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City of Stairs
By Robert Jackson Bennett

Discussed June 2015

Buy City of Stairs from Amazon.com

Dramatis Personae

The Saypuri:

  • Ashara “Shara Thivani” Komayd
  • Minister Vinya Komayd
  • Dr. Efren Pangyui
  • Governor Turyin Mulaghesh
  • Chief Diplomat Troonyi
  • Captain Nesrhev
  • Pitry
  • Nidayin

The Continentals:

  • Vohannes Votrov
  • Volka Votrov
  • Irina Torskeny
  • Ernst Wiclow
  • Ivonya Restroyka

In a class of his own:

  • Sigrud

The Divinities:

  • Olvos the light-bearer
  • Kolkan the judge
    • (Urov the punisher)
  • Taalhavras the builder
  • Ahanas the seed-sower
  • Voortya the warrior
  • Jukov the trickster

Questions

  1. Did you finish the book?
  2. Did you like the book? Why or why not?
  3. City of Stairs draws heavily on the espionage and mystery genres. Did you feel these were integrated well with the fantasy setting? How did you feel about the plot and pacing?
  4. Did you find miracles (which Shara describes as “like having a form preprinted and filled out and handing it in to get exactly what you want”) an interesting magic system? How did you feel about the twist regarding Shara’s heritage, which explains why miracles work so well for her?
  5. In the post-colonial world of City of Stairs, the conquered have become the conquerors after centuries of repression. How did you feel about the book’s handling of colonialism? Did you find the political actions of the Saypuri (and the reactions of the Continentals) believable?
  6. In less than eighty years since the overthrow of the Divinities, the Continent has all but forgotten its own past. Did you find the success of the Worldly Regulations plausible? To what extent do you believe history and religion can be separated from other cultural strands, such as food, dress, and art?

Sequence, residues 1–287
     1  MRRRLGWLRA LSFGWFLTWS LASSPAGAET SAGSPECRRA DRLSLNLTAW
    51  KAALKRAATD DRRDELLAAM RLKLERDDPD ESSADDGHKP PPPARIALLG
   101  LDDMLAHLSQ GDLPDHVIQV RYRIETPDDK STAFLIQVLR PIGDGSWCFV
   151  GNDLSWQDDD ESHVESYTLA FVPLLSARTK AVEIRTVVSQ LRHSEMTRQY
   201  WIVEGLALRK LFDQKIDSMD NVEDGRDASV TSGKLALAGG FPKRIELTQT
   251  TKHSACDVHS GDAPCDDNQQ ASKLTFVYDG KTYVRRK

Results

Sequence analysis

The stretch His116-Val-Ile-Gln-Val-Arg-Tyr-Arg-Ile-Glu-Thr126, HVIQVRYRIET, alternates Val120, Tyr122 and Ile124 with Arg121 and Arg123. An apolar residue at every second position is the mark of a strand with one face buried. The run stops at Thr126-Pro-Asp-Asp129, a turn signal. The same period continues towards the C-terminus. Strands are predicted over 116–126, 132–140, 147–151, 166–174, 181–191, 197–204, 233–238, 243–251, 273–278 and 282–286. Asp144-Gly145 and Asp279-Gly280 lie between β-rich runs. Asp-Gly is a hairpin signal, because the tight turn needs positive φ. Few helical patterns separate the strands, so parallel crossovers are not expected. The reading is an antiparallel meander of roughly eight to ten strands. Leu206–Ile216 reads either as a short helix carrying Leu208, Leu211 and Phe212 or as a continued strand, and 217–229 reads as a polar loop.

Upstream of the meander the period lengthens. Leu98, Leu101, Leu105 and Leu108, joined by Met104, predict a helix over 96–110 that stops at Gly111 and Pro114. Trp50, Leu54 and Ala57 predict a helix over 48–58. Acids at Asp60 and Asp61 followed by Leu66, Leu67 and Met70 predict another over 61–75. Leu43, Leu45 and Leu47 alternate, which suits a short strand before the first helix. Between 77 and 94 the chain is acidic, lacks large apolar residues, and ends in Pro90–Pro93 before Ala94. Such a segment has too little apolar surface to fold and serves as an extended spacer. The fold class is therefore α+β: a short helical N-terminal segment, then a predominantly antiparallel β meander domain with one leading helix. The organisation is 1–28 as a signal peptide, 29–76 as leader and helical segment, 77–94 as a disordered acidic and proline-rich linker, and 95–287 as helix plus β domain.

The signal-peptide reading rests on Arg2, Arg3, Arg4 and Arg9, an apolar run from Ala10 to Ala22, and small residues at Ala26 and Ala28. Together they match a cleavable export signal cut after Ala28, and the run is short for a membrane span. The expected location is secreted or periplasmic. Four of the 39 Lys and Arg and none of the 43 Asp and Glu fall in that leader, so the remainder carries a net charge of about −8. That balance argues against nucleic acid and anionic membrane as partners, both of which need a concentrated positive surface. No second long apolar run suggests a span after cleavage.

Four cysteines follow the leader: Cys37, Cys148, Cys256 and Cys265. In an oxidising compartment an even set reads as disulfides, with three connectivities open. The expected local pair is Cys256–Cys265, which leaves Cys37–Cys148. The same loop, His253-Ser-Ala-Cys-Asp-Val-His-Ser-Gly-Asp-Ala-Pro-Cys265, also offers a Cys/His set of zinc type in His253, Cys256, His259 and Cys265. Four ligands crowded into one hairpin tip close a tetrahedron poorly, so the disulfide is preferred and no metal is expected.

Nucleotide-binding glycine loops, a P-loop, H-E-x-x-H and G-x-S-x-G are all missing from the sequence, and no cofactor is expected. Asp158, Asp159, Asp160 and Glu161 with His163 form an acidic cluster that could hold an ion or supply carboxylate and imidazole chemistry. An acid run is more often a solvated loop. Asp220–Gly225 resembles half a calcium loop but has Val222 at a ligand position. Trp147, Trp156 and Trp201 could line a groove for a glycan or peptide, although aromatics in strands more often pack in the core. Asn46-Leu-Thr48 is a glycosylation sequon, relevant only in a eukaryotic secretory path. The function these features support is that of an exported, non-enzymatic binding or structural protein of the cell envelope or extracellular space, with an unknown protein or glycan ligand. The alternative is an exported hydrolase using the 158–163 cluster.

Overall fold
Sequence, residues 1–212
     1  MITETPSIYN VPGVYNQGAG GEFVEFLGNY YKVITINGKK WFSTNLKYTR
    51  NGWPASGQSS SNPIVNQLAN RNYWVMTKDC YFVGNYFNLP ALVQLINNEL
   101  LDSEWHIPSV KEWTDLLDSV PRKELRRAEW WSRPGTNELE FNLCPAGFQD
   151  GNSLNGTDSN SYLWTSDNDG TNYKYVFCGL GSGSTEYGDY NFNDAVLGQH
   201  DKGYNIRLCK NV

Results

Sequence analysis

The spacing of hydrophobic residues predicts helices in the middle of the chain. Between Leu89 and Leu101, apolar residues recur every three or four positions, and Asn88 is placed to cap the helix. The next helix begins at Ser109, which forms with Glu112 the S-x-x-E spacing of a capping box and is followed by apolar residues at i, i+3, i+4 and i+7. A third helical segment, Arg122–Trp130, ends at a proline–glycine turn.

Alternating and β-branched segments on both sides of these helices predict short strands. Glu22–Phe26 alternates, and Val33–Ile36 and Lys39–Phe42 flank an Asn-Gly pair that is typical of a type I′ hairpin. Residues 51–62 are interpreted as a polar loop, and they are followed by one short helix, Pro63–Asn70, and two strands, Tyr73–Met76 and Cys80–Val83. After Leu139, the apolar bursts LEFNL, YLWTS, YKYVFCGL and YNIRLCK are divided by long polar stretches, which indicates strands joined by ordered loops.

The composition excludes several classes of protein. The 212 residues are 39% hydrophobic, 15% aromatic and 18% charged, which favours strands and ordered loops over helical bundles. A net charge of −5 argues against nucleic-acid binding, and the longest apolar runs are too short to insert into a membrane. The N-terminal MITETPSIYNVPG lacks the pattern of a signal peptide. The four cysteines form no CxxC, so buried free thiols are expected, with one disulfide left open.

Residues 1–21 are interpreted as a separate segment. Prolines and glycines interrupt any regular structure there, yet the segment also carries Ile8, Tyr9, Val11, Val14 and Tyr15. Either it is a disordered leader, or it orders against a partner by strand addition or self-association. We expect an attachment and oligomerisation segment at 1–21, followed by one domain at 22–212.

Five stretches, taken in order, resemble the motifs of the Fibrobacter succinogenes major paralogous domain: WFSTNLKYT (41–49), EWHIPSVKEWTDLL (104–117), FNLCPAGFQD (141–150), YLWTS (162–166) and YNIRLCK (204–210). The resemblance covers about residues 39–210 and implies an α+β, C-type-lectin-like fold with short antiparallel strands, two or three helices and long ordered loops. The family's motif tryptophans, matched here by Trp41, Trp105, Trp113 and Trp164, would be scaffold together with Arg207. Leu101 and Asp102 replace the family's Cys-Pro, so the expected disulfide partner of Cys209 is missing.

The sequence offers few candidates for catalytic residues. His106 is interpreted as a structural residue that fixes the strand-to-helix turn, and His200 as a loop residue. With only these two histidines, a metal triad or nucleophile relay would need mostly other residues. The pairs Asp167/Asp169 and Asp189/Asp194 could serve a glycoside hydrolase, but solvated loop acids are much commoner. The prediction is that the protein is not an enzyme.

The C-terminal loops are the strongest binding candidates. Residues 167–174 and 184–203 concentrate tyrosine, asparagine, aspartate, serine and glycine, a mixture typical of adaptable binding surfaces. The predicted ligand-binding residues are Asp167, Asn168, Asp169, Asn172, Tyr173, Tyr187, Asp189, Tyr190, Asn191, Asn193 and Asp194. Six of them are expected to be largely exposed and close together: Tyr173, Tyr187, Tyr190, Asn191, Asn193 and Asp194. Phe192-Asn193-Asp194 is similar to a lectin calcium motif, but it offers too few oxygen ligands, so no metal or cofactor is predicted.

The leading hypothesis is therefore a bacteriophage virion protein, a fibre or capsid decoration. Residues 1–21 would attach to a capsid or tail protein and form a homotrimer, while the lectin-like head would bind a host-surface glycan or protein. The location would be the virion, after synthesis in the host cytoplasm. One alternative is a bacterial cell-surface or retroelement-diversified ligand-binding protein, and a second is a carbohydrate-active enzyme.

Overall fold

7. Olvos, the last surviving divinity, argues that it’s essential for the Continentals to forget their imperialistic past; “For a caterpillar to become a butterfly, it must forget it was ever a caterpillar at all.” Do you agree with this philosophy? What would it look like if applied to the real world?
  8. “People enjoy being told what to do,” Sharra says, summarizing why Kolkan remained popular as his edicts grew stricter and even after he vanished. Olvos later expands on this, explaining that people “value punishment because they think it means their actions are important” and dismissing this belief as “vanity.” Do you believe Bennett intends this as commentary on the role of religion in our own world? Do you agree?
  9. The Saypuri have an unusually high technology level for secondary-world fantasy, with telegraphs, cars, trains, and electricity. Did you enjoy this aspect of the setting? Meanwhile, we are told that the Continentals “had trouble teaching science and basic physics, since for so long things here didn’t function by basic physics.” Do you agree that science and religion would conflict in this way?
  10. Vohannes, Sharra’s childhood lover, is attracted to men. Did you read him as bisexual or gay? How did you feel about his role in the novel and his characterization as a closeted queer man?
  11. Did the novel do anything interesting with gender roles? How did you feel about the contrast between egalitarian Saypuri society and the heavily patriarchal Continent?
  12. A sequel, featuring Turyin Mulaghesh, is due out in January. Will you read it?

Bonus content:

Official art depicting the City of Bulikov.

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